Skip to main content

Top quality fruit crucial to success of Australian mango exports to the US










NT Country Hour




Updated yesterday at 5:34pm



 










Absolute top quality fruit is the key to developing a strong market for Australian mangoes in the US, according the industry's peak body.





00:00 AUDIO: Trevor Dunmall from the Australian Mango Industry Association speaks about mango exports to the US (ABC Rural)





The first shipments of Australian mangoes arrived in the US earlier this year, with the industry hoping to build exports in the coming mango season.



The Australian Mango Industry Association's [AMIA] industry development manager, Trevor Dunmall, said it was vital for all Australian mangoes exported to the US to be top quality.



"The most important thing about the US market is that we have to export quality fruit and make sure the quality is maintained right through the supply chain," Mr. Dunmall said.

"Mangoes are sometimes a fragile fruit and need to be nurtured right from production through the supply chain and right to the consumer.

"US markets are really exciting for us, but we are treating it and we're encouraging growers to treat it with a little bit of caution, in that we need to get it right from the first day.

"Any errors or mistakes won't only reflect poorly on the grower, but it will also affect the whole trade.

"So we all need to work together and make sure we know what the conditions of export are and meet those conditions."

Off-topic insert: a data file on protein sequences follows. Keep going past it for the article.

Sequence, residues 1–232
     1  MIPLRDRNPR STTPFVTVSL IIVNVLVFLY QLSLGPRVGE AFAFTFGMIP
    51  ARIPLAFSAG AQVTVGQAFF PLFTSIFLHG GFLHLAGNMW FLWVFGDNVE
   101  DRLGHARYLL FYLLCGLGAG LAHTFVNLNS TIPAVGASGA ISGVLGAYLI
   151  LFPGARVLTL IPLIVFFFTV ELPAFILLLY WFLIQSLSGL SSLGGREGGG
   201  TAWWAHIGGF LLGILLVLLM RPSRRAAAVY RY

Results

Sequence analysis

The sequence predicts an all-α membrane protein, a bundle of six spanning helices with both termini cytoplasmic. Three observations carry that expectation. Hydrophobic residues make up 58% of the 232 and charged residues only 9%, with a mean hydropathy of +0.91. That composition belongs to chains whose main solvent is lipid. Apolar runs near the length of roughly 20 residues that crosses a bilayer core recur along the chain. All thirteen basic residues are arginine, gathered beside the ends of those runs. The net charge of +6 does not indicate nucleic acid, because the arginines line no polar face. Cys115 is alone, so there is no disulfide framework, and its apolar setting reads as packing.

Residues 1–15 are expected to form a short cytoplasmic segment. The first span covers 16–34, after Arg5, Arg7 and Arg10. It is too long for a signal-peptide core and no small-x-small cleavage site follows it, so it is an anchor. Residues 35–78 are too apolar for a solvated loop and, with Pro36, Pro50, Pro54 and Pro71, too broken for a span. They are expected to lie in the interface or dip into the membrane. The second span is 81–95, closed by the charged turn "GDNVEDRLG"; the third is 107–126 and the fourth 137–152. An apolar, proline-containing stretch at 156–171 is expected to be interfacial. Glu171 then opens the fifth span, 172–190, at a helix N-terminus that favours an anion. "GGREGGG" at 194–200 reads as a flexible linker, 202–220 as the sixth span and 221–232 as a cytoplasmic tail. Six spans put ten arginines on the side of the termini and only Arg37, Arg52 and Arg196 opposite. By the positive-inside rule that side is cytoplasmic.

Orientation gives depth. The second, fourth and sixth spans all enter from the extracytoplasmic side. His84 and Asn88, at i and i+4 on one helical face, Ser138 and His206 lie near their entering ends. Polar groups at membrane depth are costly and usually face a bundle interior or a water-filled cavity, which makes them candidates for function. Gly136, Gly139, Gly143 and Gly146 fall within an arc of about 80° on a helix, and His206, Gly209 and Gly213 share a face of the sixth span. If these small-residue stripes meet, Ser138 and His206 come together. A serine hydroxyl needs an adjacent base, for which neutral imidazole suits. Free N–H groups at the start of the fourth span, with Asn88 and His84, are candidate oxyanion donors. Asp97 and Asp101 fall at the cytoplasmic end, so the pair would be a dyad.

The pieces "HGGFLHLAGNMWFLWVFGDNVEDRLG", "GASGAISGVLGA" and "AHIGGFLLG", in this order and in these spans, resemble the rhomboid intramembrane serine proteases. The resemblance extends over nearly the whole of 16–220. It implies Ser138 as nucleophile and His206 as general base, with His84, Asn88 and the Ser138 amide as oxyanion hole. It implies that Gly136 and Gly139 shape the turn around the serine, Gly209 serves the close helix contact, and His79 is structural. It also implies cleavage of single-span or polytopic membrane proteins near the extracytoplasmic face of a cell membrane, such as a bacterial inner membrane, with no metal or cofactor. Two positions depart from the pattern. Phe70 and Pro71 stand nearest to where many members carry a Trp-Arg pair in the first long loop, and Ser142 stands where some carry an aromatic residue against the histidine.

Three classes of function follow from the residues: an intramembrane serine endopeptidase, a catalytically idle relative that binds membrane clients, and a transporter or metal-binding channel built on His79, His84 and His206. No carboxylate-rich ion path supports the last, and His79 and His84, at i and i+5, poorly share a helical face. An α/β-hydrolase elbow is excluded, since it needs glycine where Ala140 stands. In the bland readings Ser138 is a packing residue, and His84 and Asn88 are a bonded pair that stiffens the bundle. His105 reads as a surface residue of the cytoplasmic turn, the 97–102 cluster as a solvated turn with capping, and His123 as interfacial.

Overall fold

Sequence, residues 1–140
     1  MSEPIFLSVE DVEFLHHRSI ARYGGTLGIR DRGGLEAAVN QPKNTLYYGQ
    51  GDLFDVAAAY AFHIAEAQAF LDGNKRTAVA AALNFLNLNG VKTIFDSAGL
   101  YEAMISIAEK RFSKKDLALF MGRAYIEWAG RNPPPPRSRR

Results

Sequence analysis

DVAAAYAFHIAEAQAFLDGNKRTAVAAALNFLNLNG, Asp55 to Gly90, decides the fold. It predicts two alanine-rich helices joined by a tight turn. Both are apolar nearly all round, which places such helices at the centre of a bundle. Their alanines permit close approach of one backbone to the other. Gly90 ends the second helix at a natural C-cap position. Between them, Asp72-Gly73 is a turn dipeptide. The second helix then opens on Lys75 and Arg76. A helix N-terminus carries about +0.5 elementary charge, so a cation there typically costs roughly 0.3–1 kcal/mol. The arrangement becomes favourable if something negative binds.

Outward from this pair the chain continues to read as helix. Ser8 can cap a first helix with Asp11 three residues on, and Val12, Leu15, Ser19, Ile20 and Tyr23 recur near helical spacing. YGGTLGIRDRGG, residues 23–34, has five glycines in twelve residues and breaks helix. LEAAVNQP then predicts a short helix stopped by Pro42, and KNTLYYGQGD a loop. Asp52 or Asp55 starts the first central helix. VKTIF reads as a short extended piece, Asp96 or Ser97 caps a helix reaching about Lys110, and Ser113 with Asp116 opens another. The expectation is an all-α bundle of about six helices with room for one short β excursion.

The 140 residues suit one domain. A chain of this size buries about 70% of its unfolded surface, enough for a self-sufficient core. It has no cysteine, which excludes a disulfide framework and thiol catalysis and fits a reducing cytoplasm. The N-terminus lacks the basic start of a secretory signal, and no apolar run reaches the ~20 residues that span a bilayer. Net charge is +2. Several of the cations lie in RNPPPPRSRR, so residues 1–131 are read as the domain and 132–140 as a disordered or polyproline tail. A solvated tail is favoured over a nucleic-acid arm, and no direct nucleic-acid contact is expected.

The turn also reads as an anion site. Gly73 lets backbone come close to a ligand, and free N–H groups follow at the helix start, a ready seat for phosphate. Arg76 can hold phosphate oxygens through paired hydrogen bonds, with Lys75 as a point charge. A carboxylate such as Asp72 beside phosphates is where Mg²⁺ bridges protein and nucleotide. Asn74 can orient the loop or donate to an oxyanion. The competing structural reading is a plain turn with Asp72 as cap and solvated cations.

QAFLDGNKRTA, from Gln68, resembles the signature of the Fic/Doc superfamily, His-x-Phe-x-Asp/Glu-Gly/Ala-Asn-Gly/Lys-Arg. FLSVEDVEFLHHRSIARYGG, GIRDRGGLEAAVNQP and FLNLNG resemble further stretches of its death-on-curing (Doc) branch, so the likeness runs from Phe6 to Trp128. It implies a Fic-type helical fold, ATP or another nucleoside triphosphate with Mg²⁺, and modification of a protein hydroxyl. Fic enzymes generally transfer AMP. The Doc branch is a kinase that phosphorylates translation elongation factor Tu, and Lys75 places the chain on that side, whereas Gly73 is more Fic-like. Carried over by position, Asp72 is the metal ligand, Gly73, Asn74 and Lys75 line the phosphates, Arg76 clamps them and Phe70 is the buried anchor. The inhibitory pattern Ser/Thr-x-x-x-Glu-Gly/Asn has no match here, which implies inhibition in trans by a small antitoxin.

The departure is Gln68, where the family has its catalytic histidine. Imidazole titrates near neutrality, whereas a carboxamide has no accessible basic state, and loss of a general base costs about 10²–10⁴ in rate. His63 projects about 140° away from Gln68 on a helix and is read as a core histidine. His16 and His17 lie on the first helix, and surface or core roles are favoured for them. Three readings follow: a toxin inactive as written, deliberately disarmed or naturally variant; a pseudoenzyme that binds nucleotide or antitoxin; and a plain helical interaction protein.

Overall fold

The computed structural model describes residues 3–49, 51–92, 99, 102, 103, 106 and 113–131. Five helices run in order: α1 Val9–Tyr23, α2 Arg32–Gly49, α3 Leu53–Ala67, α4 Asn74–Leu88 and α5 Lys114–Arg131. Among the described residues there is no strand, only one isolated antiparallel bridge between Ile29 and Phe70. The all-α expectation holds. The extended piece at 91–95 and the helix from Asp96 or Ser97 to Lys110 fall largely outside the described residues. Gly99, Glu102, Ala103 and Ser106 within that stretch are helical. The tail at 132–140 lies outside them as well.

Crop monitoring training for growers wanting to export their mangoes was held in the Northern Territory and Queensland this week.



Mr. Dunmall said growers needed to understand the conditions of export standards, which was crucial for Australian growers exporting quality fruit to the US markets.



"Growers shouldn't even think about exporting unless they are fully aware of the conditions underpinning exports," he said.



"No one can afford to make an error in this area, the i's have got to be dotted and the t's have to be crossed.



"The growers and orchards have to be approved for export, they need to undertake an audit process with the Department [of Agriculture] and the final treatment stage is through an irradiation facility in Brisbane before air freight straight to Los Angeles."



Mr Dunmall said many mango growers had approached the AMIA about exporting fruit to the US.




"It's been a really good response, but it's early days yet and we need to work with those growers to make sure they are fully abreast with all those conditions and what they need to do to meet the protocol,"
he said.



"We certainly in Australia produce some great quality mangoes, but we have got to make sure we do everything right, so that when they arrive in the US they are still that great quality mango that most Australian growers enjoy."








http://www.abc.net.au/news/2015-07-08/top-quailty-mango-us-exports/6603048


Popular posts from this blog

THE MOST SOUGHT AFTER MANGOES IN THE WORLD ....